Keeping hydrated helps muscles look more toned, a look that many people desire. Being hydrated also helps your skin look and stay healthy.
Water regulates the body’s temperature, cushions and protects vital organs, and aids the digestive system.
In 2004, the Food and Nutrition Board released new dietary reference intakes for water. It is recommended that women consume 2.7 liters daily and men consume 3.7 liters through various beverages, 80 percent, or in food, 20 percent.
Active individuals need even more, particularly if they’re exercising in hot weather. This is especially important during the 24 hours prior to vigorous exercise. During exercise, our body produces more heat, causing sweat to cool us down. When we sweat out our water supply, we must consume more water to keep our core temperature down.
In one hour of exercise, the body can lose more than a quart of water, depending on exercise intensity and air temperature. If there is not enough water for the body to cool itself through perspiration, the body enters a state of dehydration.
For people who regularly exercise, maintaining a constant supply of water in the body is essential to performance.
Dehydration leads to muscle fatigue and loss of coordination. Even small amounts of water loss may hinder athletic performance.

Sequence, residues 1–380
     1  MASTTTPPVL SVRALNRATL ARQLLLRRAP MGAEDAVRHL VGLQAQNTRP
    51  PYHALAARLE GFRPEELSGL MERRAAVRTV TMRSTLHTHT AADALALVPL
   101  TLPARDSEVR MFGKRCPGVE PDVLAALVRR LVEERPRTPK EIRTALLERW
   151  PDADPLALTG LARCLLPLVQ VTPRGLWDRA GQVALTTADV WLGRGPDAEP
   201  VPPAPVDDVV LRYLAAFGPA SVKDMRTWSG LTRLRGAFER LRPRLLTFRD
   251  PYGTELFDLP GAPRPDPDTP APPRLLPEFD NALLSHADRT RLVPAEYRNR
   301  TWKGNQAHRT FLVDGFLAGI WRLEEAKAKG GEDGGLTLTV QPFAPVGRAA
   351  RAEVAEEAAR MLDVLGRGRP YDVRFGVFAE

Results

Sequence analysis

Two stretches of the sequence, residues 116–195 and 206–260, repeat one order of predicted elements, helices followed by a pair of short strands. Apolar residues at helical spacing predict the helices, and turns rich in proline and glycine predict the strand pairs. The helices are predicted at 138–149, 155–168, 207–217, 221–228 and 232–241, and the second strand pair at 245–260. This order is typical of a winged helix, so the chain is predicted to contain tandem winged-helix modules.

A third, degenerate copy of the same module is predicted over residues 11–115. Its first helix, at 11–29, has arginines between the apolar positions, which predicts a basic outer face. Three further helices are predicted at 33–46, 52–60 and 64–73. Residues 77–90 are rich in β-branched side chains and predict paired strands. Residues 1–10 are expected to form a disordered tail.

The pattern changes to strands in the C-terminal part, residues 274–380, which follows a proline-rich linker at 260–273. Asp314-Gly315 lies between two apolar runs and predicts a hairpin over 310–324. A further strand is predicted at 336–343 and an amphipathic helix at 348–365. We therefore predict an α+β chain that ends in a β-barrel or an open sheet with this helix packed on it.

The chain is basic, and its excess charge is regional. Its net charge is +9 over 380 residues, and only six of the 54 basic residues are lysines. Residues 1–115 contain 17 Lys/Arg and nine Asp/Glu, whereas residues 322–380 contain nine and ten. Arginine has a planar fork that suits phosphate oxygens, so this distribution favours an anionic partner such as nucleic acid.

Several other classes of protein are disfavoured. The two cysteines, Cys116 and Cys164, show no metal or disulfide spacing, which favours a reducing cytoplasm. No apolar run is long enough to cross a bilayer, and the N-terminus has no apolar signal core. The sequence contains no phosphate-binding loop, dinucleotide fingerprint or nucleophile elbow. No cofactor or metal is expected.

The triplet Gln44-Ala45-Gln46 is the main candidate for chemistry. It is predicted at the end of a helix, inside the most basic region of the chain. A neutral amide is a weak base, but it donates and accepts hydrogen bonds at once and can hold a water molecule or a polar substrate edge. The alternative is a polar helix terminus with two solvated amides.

In a dehydrated state, the body is unable to cool itself efficiently, leading to heat exhaustion and possibly heat stroke. Without an adequate supply of water, the body lacks energy and muscles may develop cramps. To prevent dehydration, you must drink before, during and after a workout.
During exercise, water is the best fluid replenisher for most individuals, although sports drinks help replace lost electrolytes during high intensity exercise exceeding more than 60 minutes. Keeping hydrated can improve performance by delaying dehydration and maintaining balanced blood-sugar levels during exercise. It also lowers the risk of catching a cold by boosting your immune system.
Drink 17-20 ounces of water two to three hours before the start of exercise. Drink 8 ounces of fluid every 20 to 30 minutes prior to exercise or during warm-up. Drink 7 to 10 ounces of fluid every 10 to 20 minutes during exercise. Drink an additional 8 ounces of fluid within 30 minutes after exercising. Drink 16-24 ounces of fluid for every pound of body weight lost after exercise.
Water is your best option. Tea (non-caffeinated and unsweetened) and 100 percent juice, not cocktail drinks, are good alternatives if you just need something else. Sports drinks are also good for your body during and after exercise.
Coffee and alcohol don’t need to be nixed completely, but should be consumed in very small amounts. Two cups of coffee a day isn’t going to help your body and scientific evidence suggests alcohol consumption can interfere with muscle recovery after exercise and negatively affect a variety of performance variables.